- coverage of (and cross coverage between) variables and expressions
- automatic and user-defined coverage bins
- means to associate bins with sets of values, transitions, or cross products
- filtering conditions at multiple levels
- events and sequences to automatically trigger coverage sampling
- procedural activation and query of coverage
- optional directives to control and regulate coverage
However, these powerful features are unavailable to users of HVL’s such as VHDL and SystemC. Coverage-driven verification flows for these two languages are still plagued by challenges on how to efficiently achieve coverage closure.
Several methodologies (, ) have been proposed to extend functional coverage to SystemC and VHDL. One  uses a SystemVerilog bind construct to bind a SystemVerilog module or program block containing functional coverage collection constructs inside a SystemC or VHDL region. This solution works well, though the mixed-language bind construct is not yet standardized. There is no Language reference manual (LRM) for mixed-language interactions, which forces designers to follow use models dictated by EDA tools. These use-models vary for each EDA vendor, which leads to design customization depending on which vendor's tool is in use. What works in one vendor’s tool is not guaranteed to work exactly the same way in the other. Moreover, using the SystemVerilog bind construct to extend functional coverage to SystemC and VHDL introduces an extra level of hierarchy in the design, which may not always be desirable.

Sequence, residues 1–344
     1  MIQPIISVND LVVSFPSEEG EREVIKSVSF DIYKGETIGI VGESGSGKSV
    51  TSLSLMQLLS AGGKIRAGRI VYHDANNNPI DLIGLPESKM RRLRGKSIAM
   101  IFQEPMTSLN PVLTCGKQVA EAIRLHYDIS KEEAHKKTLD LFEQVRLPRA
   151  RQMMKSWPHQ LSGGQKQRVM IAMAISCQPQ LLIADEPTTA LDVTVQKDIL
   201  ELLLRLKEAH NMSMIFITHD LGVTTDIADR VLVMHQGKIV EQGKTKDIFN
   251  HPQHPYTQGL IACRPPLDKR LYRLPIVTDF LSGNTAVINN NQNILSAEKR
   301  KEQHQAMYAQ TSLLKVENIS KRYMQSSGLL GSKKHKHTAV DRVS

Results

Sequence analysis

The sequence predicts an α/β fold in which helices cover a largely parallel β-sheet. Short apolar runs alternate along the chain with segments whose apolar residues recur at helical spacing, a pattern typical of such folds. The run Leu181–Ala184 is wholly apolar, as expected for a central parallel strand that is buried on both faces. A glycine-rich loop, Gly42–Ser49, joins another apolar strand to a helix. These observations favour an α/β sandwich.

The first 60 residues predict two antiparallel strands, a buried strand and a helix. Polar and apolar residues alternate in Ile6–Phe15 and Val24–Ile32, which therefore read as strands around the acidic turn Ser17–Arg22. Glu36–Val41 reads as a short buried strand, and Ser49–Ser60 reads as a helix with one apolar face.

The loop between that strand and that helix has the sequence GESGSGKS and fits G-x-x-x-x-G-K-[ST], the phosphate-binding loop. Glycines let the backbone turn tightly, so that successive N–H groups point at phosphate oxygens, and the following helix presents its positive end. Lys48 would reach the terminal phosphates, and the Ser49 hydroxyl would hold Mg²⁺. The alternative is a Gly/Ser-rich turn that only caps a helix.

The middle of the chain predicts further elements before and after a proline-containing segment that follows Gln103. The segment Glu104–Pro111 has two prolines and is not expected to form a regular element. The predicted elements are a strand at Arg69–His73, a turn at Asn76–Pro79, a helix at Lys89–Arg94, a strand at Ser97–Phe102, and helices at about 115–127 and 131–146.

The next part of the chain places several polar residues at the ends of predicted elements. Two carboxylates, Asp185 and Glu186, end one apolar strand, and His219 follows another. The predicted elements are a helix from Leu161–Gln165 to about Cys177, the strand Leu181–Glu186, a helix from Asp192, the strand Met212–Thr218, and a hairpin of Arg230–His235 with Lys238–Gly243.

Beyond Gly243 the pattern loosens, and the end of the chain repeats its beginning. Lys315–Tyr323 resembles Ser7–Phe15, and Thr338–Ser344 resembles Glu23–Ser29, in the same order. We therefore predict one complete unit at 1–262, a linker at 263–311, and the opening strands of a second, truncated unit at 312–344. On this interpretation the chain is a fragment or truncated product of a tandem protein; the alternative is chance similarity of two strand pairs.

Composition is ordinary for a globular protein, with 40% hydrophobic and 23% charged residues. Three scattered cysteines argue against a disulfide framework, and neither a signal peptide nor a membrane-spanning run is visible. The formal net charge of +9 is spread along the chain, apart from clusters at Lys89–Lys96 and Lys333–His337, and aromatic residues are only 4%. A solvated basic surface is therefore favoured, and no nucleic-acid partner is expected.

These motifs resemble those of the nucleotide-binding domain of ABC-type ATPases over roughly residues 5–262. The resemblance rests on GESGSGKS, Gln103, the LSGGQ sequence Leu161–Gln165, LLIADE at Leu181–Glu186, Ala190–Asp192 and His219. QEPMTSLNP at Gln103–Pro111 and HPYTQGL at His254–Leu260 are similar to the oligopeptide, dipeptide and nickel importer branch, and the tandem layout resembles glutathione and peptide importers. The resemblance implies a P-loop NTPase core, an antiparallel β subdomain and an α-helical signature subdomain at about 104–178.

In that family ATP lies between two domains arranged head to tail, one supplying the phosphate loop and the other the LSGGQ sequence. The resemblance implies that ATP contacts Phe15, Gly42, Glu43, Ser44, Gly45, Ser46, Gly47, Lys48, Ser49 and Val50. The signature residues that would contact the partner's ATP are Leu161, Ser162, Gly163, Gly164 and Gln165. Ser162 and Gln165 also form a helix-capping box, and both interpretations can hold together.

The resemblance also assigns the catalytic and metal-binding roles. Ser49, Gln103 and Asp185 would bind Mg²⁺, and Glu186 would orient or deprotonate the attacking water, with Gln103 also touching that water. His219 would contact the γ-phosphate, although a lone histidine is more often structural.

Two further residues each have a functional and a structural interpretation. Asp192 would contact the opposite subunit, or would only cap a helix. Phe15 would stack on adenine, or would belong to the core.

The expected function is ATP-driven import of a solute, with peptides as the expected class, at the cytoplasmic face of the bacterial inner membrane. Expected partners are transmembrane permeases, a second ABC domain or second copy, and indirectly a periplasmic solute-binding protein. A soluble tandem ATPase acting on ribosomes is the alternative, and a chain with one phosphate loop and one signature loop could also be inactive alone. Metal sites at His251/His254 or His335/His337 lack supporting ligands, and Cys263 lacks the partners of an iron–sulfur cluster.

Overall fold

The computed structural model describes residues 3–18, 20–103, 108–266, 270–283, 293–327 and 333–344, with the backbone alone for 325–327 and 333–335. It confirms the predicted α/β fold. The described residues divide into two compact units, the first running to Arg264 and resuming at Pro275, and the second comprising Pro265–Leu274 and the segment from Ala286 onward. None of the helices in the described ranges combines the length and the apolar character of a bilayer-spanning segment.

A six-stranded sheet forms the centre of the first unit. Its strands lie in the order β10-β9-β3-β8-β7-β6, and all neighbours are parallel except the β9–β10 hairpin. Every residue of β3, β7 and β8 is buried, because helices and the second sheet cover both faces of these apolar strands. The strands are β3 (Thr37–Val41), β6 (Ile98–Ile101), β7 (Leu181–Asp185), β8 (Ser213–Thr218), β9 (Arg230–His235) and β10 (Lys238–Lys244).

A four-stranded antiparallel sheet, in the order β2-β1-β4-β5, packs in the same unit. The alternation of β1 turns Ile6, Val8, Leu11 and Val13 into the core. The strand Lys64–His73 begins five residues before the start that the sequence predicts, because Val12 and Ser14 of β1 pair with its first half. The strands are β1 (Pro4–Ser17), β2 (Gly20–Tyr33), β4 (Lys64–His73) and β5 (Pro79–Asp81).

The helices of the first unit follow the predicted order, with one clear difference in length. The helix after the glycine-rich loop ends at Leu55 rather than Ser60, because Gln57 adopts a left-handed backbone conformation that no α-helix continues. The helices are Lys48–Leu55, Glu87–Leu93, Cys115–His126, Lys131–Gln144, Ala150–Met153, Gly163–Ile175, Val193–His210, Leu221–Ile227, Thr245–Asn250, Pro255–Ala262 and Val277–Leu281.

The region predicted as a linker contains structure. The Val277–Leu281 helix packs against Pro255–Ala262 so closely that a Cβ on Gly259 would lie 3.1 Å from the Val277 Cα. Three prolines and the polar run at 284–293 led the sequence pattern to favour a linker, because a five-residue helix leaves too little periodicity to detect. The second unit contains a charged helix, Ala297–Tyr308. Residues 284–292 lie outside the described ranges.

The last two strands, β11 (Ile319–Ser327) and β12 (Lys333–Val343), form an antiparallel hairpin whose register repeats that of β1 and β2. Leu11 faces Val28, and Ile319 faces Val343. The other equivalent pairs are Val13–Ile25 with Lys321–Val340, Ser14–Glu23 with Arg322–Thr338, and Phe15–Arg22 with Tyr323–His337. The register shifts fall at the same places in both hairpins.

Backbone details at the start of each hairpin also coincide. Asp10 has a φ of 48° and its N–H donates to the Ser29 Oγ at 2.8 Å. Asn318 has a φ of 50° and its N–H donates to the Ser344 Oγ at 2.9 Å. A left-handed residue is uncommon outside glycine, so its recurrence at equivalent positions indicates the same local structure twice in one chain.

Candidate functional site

The next part of the introduction section describes the VCD file format, which is useful in understanding the proposed language-independent VCD-based functional coverage methodology.
INTRODUCTION TO VCD
Value change dump (VCD) is an ASCII-based format for dumping files generated by EDA simulation tools that capture value changes on selected variables or signals in a simulation. The simple compact structure of the VCD format has allowed its use to become ubiquitous and to spread into other HVL domains.
Components of a VCD file
A VCD file comprises, in order: a header section with date, simulator, and timescale information; a variable definition section; and a value change section.
VCD keywords are marked by a leading $ and in general start a section; sections are terminated by a $end keyword. Data in the VCD file is case sensitive and broadly organized into four sections:
- Header Section: includes a timestamp, simulator version number, and a timescale.
- Variable Definition Section: contains scope information as well as lists of signals instantiated in a given scope. Each variable is assigned an arbitrary ASCII identifier for use in the value change section.
- Dump Var Section ($dumpvar): contains initial values of all variables dumped.
- Value Change Section: contains a series of time-ordered value changes for the signals in a given simulation model.
II. LANGUAGE-INDEPENDENT FUNCTIONAL COVERAGE MEASUREMENT IN HVLS